Over the years in our journey in coffee, we’ve been lucky enough to witness the growth & transformation of coffee as a raw product. Slightly over a decade ago, “TRACEABILITY” was the “in” word. As an industry, we began to collectively focus on making “Quality” & “Traceable” synonymous. This was definitely possible with origins where Estates were more common like Guatemala, Colombia, Brazil etc. Fast forward, the industry is consuming information at an incredible rate. We’ve now made “Information” almost the singular yardstick to how we initially perceive quality, from duration of fermentation process to thickness of parchment layer on the drying tables. Don’t know whether the lot was picked on an early pass or the latter? Sorry, not good enough for us. We also almost blindly pass on this information to our guests without necessarily creating enough context. They might still be stuck on differentiating drying processes, to be honest.
Since we’ve begun roasting, we have consciously looked out for cultivars as our main differentiating factor. We sincerely believe that at the root of our quest for flavour, the genetic makeup of each cultivar is the key to the potential. As a coffee company, we wanted to share how wide the spectrum of flavours are, even within the same origin or even farm. 4 years later, we are still focused on showcasing this aspect, but we felt that there had to be another method of differentiation that would assist consumers to make informed decisions with regards to the coffees that they would like to taste & experience. We also wanted to share it from the producing party’s perspective contrary to how we usually frame to suit the consumer’s flavour preferences.
Let us introduce to you the different categories!
Classically produced coffees are the archetype of the global specialty coffee production. These coffees were cultivated with economy, sustainability & quality in mind. The processing & drying techniques are usually practices that have been passed down from generation to generation. Over the years, the results now represent the classic flavours derived from the cultivar & the microclimate of the land that cultivated the fruits.
E.g. Classic Ethiopian coffees are typically pulped, wet fermented for 12-18 hours before they are rinsed & dried on African raised beds. The different washing stations may differ in the fermentation periods or drying times due to the slightly different climate, but the nature of the techniques are usually similar.
On the other hand, Brazil as a producing country classically uses the natural or dry process as well as pulped natural process. The end flavours between coffees from these 2 origins are incredibly different & our Roasting approach is usually designed to showcase a balance of acidity, sweetness as well as a defined mouthfeel. We’d love for our guests to appreciate how “Classic” coffees taste like!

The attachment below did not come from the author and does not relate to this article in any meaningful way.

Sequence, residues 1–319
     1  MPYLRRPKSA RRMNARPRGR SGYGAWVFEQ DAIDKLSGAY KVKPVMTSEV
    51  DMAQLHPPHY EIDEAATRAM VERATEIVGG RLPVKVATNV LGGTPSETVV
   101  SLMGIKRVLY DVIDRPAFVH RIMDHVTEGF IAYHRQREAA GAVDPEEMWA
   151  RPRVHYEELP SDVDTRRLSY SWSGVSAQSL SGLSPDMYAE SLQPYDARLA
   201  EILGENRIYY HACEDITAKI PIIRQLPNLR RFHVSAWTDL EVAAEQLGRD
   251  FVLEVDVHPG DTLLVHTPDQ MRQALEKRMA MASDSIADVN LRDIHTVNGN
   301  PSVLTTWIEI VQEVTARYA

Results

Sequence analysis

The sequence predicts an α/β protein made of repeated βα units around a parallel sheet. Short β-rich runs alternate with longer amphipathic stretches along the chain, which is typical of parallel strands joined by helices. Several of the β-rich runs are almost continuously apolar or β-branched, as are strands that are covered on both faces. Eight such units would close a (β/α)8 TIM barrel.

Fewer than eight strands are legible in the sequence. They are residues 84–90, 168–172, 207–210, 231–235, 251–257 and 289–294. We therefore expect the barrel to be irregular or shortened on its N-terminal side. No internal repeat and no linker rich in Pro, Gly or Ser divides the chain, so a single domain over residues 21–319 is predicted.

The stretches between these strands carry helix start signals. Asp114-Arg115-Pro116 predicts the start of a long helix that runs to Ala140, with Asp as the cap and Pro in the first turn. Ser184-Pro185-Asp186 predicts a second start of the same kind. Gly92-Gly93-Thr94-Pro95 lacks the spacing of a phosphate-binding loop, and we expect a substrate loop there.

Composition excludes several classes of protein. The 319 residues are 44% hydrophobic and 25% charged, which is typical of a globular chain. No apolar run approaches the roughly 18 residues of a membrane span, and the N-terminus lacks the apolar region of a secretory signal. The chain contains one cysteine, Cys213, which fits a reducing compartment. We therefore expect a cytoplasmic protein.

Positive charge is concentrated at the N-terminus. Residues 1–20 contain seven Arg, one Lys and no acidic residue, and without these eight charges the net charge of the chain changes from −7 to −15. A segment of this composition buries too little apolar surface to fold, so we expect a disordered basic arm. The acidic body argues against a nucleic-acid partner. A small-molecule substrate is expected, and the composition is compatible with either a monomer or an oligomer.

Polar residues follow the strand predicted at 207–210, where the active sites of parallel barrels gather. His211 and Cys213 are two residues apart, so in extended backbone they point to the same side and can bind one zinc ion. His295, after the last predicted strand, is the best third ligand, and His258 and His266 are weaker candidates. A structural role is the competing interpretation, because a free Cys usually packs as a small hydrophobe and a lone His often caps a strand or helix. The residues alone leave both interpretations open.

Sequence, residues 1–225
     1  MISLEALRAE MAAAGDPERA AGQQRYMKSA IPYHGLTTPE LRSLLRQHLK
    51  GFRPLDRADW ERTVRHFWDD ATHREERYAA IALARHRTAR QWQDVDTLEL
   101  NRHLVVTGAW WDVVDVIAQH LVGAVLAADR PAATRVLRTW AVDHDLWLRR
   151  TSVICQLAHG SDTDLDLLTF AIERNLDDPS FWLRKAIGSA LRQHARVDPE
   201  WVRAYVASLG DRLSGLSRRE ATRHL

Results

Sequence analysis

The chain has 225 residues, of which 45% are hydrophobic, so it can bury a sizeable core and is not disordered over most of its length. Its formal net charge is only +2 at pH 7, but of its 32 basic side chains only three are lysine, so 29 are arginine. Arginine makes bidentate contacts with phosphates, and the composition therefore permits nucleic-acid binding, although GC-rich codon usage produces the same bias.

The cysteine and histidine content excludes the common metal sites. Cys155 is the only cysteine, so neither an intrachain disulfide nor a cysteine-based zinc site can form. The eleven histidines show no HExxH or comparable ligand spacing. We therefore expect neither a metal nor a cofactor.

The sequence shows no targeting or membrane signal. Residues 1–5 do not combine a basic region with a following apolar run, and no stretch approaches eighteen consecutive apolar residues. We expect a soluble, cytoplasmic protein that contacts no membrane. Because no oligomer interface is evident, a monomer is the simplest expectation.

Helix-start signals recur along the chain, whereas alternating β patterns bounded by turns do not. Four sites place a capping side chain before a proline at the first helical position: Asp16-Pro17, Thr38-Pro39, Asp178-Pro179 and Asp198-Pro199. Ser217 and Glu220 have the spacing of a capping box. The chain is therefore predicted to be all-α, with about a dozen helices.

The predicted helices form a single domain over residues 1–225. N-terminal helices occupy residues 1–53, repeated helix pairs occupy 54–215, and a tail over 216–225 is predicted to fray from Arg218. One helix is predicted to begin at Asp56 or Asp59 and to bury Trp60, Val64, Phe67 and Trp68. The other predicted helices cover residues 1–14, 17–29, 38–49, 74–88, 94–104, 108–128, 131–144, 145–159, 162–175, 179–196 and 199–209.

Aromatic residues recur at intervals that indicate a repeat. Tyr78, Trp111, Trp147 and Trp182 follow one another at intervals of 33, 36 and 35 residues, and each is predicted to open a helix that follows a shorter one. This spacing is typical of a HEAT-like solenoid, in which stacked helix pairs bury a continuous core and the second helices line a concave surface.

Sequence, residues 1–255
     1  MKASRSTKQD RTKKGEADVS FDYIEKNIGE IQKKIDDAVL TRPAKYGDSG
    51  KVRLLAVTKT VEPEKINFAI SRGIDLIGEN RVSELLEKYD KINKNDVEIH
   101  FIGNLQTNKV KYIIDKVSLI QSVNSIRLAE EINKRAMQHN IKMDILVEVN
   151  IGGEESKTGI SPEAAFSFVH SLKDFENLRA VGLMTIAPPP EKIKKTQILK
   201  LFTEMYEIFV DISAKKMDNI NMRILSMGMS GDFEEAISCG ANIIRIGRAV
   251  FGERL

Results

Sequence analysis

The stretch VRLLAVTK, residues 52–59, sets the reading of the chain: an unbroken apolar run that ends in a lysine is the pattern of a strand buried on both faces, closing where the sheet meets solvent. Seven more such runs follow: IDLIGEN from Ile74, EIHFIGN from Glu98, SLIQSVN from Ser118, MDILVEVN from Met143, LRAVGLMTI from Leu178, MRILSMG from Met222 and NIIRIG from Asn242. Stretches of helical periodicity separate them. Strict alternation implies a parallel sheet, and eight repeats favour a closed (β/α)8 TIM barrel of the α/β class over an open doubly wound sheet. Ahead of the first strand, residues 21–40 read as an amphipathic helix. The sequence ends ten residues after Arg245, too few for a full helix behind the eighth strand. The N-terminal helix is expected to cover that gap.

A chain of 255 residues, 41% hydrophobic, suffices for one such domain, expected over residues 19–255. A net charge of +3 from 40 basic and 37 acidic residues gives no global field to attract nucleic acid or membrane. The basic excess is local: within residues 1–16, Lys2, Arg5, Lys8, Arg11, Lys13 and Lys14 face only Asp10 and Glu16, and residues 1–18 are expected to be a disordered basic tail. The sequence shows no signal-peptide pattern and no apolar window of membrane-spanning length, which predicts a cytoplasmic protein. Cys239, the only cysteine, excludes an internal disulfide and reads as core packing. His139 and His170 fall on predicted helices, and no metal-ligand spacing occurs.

We believe that the “modern” producer lives in the moment. These may require them to be comfortable & open with having each foot on either side of the lines of convention. The matter of fact is, “Modern” coffees require resources that not many producers are fortunate enough to have, like modern technologies & equipment. These are used to yield new iterations & depth from the tried as well as the tested.
E.g. Manantiales Del Frontino is a farm we recently began working with & they have the resources to employ modern techniques to their processing methods. An example is a 2-step fermentation which involves whole cherries fermented underwater before being pulped & dry fermented for another 12-16 hours. The coffees are then rinsed & dried in mechanical driers, which allows them to control the temperature at which the coffees are being dried at.
“Modern” coffees typically have defined flavour notes that may result in a more processed or confected expression. Producers are also able to have more control over these processes for more consistency harvest to harvest!
An incredibly small but emerging market is the thirst for “Experimental” coffees. These coffees are more often than not, larger-than-life expressions of taste beyond tradition. Producers are encouraged to experiment to satisfy niche palates in the evolving market. However, there is usually a sense of obligation to share the risks of experimentation – producers are usually assured that the lots being experimented on has a buyer at the end of harvest. “Experimental” coffees are also born out of a desire & drive to redefine expectations of a certain cultivar or origin, allowing them to reach out to a wider audience.
E.g. For a couple of years now, we have been purchasing coffees from Kingha Collective in Uganda, an Estate that runs its own farm as well as processing coffees from smallholder farmers around them. Through the relationship between Kingsley (Owner of Kingha Estate) & Nordic Approach (Specialty Green Coffee Sourcing Company), fermentation & drying experiments are carried out at Kinga Estate to understand the limits of what can be done with coffees from Uganda.
Whilst we have enjoyed the majority of “experimental” coffees that we’ve sought & purchased, some of them do make us have a greater appreciation for the other categories. “Experimental” coffees aren’t for everyone, but they make a great case to truly display the diverse flavour & tactile spectrum in the world of high quality Coffee!
We hope that the above categories will eventually help you understand the wider picture of Specialty Coffee Production in the world. Whether you’re sipping on a “whole cherry anaerobic fermentation, natural Yellow Catuai from Brazil” or a “barrel fermented pulped Castillo” the categorisation will help apply some context to your tasting experience & widen your horizon as well as appreciation for this industry!